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2010 World Cup Fever: A Warning to Businesses Everywhere

 2010 World Cup Fever: A Warning to Businesses Everywhere

The World Cup has stopped wars, launched dictators and broken hearts. The month-long quadrennial soccer extravaganza can also reduce a nation’s GDP: neither over-zealous victory parties nor wallowing in defeatism do much for worker productivity.

World Cup 2010 begins in South Africa on June 11. Human Resource departments at employers in the 32 participating nations will likely see a deluge of sick leave requests during the tournament, but flexible managers can seize this opportunity to build esprit de corps. A Human Resources director of an Asian conglomerate put it shrewdly: “We see the drop in employees’ performance as an identifiable cause which should recover once the World Cup is over. Besides, there are intangible benefits from such major events like social bonding that could impact a company’s profitability positively over time.”

In the short-term, however, worker productivity may wane across much of the globe. Emerging economies like Brazil will be in carnival mode the entire month, so talented are their soccer team. A survey by YouGov, an international, Internet-based market research firm, found that 38% of Brits plan to have “sickies” during the World Cup. It’s not much better in the eurozone. Highly touted Spain may enter a prolonged party-induced siesta just when their economy calls for hard work and austerity.

We probably won’t reach those levels of absenteeism, but there will be an uptick over past World Cups since our team is more competitive and Americans bought more tickets to this tournament than any other nationality. Interest is heightened by the glamour match of the first round against old blighty, where several of our football-kicking finest ply their trade either full-time or on loan. England has won 7 of 9 matches against the U.S. and has a vastly superior goal differential; however, the U.S. has improved significantly and should be England’s toughest opponent in the group stages.

ABC will air the match and while I’m generally a conscientious employee if I were scheduled to work on June 12th I might just come down with a dodgy stomach from some tainted food.

Employers that clamp-down on truant employees like me may waste an opportunity for team-building exercises like watching games together at work, and morale boosting initiatives like flexible work scheduling. Just look at the last World Cup in 2006 to appreciate the staffing opportunities to build goodwill, as employees’ cars suddenly won’t start, their boilers go on the fritz, or they have to watch the kids since the child-care center suddenly shut down.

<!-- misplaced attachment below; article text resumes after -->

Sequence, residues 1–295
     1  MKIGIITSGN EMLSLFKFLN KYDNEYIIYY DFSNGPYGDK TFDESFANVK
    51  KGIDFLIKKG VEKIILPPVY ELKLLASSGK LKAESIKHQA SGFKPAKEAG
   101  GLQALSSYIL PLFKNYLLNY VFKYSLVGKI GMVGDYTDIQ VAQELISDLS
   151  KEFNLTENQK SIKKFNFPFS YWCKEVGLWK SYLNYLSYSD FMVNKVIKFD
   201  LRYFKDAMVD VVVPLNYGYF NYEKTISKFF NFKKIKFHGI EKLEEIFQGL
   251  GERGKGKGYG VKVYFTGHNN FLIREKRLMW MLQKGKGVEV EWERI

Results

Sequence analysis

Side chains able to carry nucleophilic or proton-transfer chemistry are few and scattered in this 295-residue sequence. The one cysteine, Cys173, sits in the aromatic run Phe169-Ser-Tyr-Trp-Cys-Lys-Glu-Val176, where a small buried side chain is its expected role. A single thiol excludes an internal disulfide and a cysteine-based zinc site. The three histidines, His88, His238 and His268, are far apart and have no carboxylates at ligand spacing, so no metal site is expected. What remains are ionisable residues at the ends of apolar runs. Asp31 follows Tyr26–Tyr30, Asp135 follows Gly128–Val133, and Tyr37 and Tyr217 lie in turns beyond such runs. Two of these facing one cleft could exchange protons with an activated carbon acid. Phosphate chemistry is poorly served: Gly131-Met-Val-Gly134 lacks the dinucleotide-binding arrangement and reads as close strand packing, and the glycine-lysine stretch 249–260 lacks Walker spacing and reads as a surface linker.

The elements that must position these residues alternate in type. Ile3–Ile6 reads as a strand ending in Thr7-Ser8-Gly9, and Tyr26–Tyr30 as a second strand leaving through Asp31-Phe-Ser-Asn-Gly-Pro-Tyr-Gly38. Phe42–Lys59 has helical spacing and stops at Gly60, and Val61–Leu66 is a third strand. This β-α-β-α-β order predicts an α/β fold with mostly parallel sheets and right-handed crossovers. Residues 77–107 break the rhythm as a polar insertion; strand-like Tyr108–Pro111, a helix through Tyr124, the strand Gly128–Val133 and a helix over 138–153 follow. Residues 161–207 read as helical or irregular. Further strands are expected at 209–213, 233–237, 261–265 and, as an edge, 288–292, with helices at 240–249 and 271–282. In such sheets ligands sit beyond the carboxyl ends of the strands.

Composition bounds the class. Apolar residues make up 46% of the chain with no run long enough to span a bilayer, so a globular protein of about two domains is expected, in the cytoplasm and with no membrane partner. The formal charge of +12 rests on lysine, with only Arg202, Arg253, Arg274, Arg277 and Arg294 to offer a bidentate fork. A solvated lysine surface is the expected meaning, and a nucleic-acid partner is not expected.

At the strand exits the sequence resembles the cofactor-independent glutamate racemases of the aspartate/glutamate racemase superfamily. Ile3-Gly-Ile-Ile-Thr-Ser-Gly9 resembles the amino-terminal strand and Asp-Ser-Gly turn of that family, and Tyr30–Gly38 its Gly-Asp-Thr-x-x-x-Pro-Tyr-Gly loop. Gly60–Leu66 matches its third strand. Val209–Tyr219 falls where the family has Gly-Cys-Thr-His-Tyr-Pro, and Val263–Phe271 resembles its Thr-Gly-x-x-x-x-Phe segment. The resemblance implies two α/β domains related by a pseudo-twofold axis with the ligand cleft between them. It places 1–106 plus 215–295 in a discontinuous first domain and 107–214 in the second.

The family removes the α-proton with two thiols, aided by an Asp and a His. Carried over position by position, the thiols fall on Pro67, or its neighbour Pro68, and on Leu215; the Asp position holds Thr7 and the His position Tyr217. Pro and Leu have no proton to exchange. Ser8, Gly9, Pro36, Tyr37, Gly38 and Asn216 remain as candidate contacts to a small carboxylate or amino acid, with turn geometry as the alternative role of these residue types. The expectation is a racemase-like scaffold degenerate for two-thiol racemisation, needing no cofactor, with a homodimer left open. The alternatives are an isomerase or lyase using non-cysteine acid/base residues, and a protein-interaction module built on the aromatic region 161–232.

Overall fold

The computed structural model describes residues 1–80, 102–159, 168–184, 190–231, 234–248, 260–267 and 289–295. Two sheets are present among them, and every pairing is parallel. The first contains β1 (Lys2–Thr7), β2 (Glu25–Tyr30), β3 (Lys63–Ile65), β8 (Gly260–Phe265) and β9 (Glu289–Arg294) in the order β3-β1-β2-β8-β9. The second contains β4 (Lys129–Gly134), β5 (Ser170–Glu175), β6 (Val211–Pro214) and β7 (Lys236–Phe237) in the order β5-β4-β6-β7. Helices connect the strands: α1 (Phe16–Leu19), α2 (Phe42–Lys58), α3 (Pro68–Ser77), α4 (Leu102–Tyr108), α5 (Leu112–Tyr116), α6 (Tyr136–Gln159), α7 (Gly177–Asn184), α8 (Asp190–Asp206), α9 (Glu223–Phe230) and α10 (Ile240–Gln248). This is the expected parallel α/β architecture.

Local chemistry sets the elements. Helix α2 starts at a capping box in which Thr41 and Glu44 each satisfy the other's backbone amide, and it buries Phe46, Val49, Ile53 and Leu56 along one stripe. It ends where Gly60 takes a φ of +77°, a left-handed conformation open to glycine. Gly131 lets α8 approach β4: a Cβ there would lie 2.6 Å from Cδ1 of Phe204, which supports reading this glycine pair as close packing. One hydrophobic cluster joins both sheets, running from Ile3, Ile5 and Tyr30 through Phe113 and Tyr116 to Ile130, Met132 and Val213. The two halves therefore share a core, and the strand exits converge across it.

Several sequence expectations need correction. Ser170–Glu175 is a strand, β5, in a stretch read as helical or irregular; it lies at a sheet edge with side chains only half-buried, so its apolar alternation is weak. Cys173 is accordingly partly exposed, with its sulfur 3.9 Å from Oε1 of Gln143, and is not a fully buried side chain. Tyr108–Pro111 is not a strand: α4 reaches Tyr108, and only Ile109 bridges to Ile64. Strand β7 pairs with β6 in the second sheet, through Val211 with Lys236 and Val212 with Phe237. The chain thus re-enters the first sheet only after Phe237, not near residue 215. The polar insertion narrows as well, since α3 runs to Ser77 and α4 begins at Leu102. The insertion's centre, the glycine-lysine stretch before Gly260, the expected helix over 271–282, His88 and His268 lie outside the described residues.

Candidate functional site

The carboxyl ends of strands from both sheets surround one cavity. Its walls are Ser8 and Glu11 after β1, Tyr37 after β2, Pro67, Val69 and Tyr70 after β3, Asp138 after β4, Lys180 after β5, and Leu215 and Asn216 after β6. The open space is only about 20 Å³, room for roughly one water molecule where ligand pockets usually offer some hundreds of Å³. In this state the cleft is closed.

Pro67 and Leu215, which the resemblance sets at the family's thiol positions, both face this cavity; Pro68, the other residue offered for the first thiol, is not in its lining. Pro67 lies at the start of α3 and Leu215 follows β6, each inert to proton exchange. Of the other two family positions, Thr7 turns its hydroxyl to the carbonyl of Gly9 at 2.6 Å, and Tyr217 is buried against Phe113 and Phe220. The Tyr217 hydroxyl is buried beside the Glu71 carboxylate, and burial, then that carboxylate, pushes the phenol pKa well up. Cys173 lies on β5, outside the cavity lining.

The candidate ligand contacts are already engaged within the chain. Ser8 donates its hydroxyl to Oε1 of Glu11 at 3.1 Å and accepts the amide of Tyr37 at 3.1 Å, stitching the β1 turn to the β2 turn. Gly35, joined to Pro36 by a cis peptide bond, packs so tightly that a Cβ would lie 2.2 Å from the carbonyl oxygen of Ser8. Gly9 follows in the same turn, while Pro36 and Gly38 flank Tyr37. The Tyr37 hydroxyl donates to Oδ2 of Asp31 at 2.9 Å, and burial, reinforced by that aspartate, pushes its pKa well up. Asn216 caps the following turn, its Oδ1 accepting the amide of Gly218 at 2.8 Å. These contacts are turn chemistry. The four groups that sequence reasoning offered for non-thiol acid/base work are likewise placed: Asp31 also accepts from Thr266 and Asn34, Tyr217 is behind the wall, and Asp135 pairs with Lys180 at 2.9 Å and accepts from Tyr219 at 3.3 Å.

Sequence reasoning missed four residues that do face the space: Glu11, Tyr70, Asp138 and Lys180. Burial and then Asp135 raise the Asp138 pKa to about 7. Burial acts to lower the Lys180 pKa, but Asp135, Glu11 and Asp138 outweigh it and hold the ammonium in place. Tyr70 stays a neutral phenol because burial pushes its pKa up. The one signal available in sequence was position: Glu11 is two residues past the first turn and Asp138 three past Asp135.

In 2006 a Dutch insurance company launched a policy to protect companies from an inundation of sick leave.

British labor unions advised employees on how to embellish sick leave requests.

A forlorn Japanese trader captured his country’s chagrin in the summer of 2006 after conspiring to lose to Australia in the dying minutes of the game: “Don’t ask me anything about the market today… I don’t feel like doing anything.”

At least he showed up for work; many Aussies who celebrated the other end of the result didn’t. Known for a bit of sports bravado, Australians went absolutely mental after defeating Japan. Socceroo fans were hopping around the streets like kangaroos eluding a brush fire. Worker productivity went so far down under that then Prime Minister John Howard assumed the mantle of Human Resources Manager-in-chief, appealing for leniency from employers as bleary-eyed fans lost their hop at work.

Even Buddhist monks, normally so entrenched in their daily rituals you can set your watch by them, were tardy for morning alms.

Ghana’s economic well-being is tied to gold production, but in the 2006 World Cup so many workers stayed home it created a huge surge in T.V. viewing that threatened a blackout. Let’s see, gold production or soccer on T.V.? For officials it was a no-brainer: the mines were told to cut power.

In my workplace during the last world cup there was only one sick absence – mine! But with a tasty matchup against the Three Lions of England, and a respectable opportunity to progress deep into the tournament, absenteeism will rise this time.

Human Resources directors: unless your organization’s mission is to protect public safety and health, or you operate a refreshing watering hole with a giant screen T.V, you will do well to employ some flex-scheduling like shift-swaps, early finishes and late starts. This will engender goodwill that will enhance worker commitment and loyalty. I urge you: follow the example of John Howard and cut us some slack. We’ll make up the profits later.

This entry was posted in General, Leagues: EPL and tagged , , , . Bookmark the permalink.

2 Responses to 2010 World Cup Fever: A Warning to Businesses Everywhere

  1. WVBlueKnight says:

    I just discovered that ESPN3 works at my office, so my productivity will be maintained

  2. Cynthia says:

    My dad works here in Southern California and when USA or Mexico plays, everyone that wants to watch can clock out and go to the back. They set up a huge white screen and have a projector so they get to watch! The only downside is they have to stay two hours later but no one ever cares!

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